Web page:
For me, this is what was great about the project, because the work was still challenging, but I knew I was working with people who had knowledge of pregnant and post-natal bodies and were well-informed to guide us. As professional dancers, your body is used to moving, and just because you’ve had a pregnancy, it doesn’t mean that everything completely falls apart. I didn’t know that. Maybe that’s because of society, or the idea that after giving birth you’re physically weaker. Listening to Chloe talk about strength after pregnancy made me realise that I didn’t know that I could feel strong, and through carrying a baby in the womb, you’re building strength, not losing it. While labour is a really big thing to go through, and you need some recovery time, for me, at six weeks post-partum I was ok. That being said, I was fortunate enough to have a straightforward home birth.
For me, much of the experience was about mental health and looking after myself, and how important that was. I hadn’t realised at that point that I was in a fog of ‘wow, my life has changed so much and this wonderful little thing requires all of my attention.’
4. Did the project have any unexpected benefits or outcomes for you as an individual?
The biggest thing was meeting and talking to other women who are dancers and mums! Chloe built in time to talk before and after class, and this was so important because the other mothers were the most generous and supportive people. One of the dancers was two years postpartum and I was able to learn from her experience,,, I took huge comfort in that.
For me, I couldn’t imagine being able to work again, logistically not physically. There are a lot of things that you can’t imagine or comprehend, like ‘how do I figure out child care?’, and the other mothers in the group were really supportive and reassured me with the experience of having been through the same thing themselves. It was incredible to hear about their journeys because I could see that it will all work out. It’s totally possible.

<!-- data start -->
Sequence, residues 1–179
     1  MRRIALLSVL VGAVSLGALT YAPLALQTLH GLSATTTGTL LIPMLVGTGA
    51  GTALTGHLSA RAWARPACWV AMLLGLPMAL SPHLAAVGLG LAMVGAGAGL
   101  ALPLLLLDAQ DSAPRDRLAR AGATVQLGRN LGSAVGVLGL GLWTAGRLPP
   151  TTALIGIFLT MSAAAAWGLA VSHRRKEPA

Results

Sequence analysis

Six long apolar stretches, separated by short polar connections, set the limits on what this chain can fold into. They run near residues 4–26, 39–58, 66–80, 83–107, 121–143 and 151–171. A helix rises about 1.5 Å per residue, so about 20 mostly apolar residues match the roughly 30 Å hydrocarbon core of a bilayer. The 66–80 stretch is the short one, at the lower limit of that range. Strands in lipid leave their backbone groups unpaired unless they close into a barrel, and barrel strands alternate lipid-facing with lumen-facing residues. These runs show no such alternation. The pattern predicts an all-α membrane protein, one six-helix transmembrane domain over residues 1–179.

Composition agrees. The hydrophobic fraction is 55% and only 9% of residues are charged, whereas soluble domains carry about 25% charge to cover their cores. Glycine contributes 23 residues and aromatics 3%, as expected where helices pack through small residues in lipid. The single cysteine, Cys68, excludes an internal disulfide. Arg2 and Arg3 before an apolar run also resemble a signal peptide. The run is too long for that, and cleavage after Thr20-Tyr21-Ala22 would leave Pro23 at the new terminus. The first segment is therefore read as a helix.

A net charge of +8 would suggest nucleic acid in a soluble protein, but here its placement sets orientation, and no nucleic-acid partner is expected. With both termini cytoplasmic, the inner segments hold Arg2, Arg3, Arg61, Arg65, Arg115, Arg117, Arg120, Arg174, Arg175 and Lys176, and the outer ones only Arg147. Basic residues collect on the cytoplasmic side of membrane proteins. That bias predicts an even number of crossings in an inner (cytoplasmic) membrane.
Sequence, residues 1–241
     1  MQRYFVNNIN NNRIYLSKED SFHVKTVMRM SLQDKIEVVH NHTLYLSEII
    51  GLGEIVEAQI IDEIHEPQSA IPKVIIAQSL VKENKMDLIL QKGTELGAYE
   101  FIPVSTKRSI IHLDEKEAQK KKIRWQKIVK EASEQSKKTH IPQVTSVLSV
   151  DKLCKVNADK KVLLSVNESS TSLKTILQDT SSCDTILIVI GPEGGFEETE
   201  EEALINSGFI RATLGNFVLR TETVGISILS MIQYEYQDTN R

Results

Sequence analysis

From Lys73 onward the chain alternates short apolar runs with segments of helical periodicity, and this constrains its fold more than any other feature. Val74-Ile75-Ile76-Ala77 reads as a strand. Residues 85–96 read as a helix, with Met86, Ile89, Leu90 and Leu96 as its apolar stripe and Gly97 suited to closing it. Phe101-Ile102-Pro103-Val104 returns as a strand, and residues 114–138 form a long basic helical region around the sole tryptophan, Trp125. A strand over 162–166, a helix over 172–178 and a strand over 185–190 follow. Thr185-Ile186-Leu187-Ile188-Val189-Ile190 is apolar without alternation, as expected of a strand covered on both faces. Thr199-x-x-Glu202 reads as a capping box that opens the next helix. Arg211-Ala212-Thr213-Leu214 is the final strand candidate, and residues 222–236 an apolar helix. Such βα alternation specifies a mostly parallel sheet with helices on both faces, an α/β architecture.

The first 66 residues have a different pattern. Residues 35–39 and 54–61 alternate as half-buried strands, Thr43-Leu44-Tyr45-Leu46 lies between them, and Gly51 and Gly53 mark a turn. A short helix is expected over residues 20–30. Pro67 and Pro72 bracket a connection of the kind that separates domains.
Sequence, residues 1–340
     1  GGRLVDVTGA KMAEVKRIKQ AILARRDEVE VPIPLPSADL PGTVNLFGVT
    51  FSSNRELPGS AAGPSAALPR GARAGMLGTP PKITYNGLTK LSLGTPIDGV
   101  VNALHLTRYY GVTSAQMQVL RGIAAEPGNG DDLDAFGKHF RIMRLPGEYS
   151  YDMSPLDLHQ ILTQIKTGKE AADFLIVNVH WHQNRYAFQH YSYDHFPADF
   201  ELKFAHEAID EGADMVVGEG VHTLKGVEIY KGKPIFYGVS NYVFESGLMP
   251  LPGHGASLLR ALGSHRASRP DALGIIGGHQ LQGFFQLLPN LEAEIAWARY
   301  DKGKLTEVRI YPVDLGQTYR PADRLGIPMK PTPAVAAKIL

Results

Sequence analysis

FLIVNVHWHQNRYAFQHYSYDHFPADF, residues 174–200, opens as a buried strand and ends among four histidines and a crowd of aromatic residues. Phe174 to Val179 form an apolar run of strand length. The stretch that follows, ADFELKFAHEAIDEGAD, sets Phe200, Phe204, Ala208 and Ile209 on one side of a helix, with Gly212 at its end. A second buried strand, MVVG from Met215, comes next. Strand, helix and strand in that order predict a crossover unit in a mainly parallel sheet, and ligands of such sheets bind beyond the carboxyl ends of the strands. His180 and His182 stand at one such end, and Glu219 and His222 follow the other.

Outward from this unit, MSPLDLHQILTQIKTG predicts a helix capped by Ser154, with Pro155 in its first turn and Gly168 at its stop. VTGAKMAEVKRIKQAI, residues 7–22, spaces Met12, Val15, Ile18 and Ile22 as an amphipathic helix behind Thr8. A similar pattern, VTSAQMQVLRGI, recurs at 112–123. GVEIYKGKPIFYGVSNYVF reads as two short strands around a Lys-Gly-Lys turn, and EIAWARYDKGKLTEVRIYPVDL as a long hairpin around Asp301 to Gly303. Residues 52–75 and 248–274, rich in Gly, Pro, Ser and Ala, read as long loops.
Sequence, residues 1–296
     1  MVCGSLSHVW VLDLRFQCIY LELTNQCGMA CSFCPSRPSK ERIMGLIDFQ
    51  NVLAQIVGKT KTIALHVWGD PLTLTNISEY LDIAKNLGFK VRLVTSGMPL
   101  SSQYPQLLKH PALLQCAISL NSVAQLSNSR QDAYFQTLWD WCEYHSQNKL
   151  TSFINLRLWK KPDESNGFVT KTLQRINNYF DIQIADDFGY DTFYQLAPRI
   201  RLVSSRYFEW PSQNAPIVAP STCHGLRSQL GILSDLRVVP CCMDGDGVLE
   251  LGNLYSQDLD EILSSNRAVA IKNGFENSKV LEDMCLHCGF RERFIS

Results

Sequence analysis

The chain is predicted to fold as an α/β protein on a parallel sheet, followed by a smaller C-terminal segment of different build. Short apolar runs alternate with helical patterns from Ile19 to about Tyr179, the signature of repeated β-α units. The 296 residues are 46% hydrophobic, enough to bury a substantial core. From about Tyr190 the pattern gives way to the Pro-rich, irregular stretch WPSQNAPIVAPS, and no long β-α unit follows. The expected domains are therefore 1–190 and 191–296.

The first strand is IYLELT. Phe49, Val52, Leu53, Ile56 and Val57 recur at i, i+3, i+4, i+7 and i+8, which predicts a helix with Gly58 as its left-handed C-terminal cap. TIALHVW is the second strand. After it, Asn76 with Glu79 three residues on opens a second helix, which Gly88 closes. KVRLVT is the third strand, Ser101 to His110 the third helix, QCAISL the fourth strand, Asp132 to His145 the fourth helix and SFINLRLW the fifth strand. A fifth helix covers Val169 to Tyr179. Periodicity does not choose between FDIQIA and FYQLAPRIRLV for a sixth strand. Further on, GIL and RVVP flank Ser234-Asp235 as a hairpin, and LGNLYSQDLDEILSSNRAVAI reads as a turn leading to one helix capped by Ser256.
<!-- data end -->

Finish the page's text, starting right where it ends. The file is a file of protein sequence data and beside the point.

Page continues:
5. Why do you think this work is important?
There are so many misconceptions in the industry and generally about pregnancy and strength and what women are capable of. I think I had those misconceptions myself. I didn’t expect to be as strong and active as I was throughout my pregnancy. I was hiking up hills in the lake district when I was 34 weeks pregnant and it didn’t take me long to feel physically ready to move again after giving birth. There was a period where I needed recovery but it didn’t take that long. The body can heal and stamina can actually increase through pregnancy.
There are so many misconceptions in the industry and generally about pregnancy and strength and what women are capable of.
I think there is an idea that women will be out of action for a long time and it will take ages to recover after giving birth, and it isn’t true. There just needs to be a supportive environment for parents to return to and flexibility for dancers around childcare and timing. My partner is about to embark on a dance project, and the company is really supportive and has already acknowledged that they can be flexible if there are any childcare issues or if I need help. I am hopeful that I may find this to be the case when I return to work and the work Chloe and other women are doing is super important.
6. What are your hopes and ambitions for the outcomes of this project long term?
Increased knowledge, support, and awareness. There are so many parents in the dance industry that shouldn’t feel restricted because they have children. It needs to be spoken about more and considered by organisations and companies when they are planning work and seeking funding to encourage parents back into the studio.
I hope that the industry starts to retain talent by offering better support for parents who want to work and bring their experience and passion to audiences.
As dance artists, we are understanding, it’s in our makeup to work in communities and to understand each other. Experiencing birth and motherhood is a transformational and wonderful thing to be celebrated in every context including the dance world.
PHOTO CREDIT: ANDREW USPENSKI